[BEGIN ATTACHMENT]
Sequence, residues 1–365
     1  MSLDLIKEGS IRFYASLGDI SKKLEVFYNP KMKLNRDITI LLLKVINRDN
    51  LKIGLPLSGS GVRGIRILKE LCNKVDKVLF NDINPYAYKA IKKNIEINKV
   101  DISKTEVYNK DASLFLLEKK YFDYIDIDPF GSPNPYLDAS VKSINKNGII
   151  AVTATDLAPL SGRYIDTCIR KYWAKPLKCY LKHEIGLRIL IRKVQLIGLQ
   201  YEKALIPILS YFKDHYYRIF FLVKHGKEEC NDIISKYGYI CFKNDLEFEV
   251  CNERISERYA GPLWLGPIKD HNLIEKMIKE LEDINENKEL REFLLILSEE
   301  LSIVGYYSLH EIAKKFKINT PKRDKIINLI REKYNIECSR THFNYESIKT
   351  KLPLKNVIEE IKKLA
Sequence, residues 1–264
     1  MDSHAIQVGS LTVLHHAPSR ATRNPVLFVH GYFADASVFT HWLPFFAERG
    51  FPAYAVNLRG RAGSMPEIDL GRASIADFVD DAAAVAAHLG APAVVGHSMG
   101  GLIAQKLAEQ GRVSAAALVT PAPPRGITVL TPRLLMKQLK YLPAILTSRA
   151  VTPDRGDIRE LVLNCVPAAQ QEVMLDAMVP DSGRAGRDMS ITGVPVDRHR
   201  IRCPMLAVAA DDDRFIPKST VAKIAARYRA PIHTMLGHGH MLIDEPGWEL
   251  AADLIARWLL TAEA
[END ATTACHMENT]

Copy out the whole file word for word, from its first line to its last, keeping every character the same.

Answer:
Sequence, residues 1–365
     1  MSLDLIKEGS IRFYASLGDI SKKLEVFYNP KMKLNRDITI LLLKVINRDN
    51  LKIGLPLSGS GVRGIRILKE LCNKVDKVLF NDINPYAYKA IKKNIEINKV
   101  DISKTEVYNK DASLFLLEKK YFDYIDIDPF GSPNPYLDAS VKSINKNGII
   151  AVTATDLAPL SGRYIDTCIR KYWAKPLKCY LKHEIGLRIL IRKVQLIGLQ
   201  YEKALIPILS YFKDHYYRIF FLVKHGKEEC NDIISKYGYI CFKNDLEFEV
   251  CNERISERYA GPLWLGPIKD HNLIEKMIKE LEDINENKEL REFLLILSEE
   301  LSIVGYYSLH EIAKKFKINT PKRDKIINLI REKYNIECSR THFNYESIKT
   351  KLPLKNVIEE IKKLA
Sequence, residues 1–264
     1  MDSHAIQVGS LTVLHHAPSR ATRNPVLFVH GYFADASVFT HWLPFFAERG
    51  FPAYAVNLRG RAGSMPEIDL GRASIADFVD DAAAVAAHLG APAVVGHSMG
   101  GLIAQKLAEQ GRVSAAALVT PAPPRGITVL TPRLLMKQLK YLPAILTSRA
   151  VTPDRGDIRE LVLNCVPAAQ QEVMLDAMVP DSGRAGRDMS ITGVPVDRHR
   201  IRCPMLAVAA DDDRFIPKST VAKIAARYRA PIHTMLGHGH MLIDEPGWEL
   251  AADLIARWLL TAEA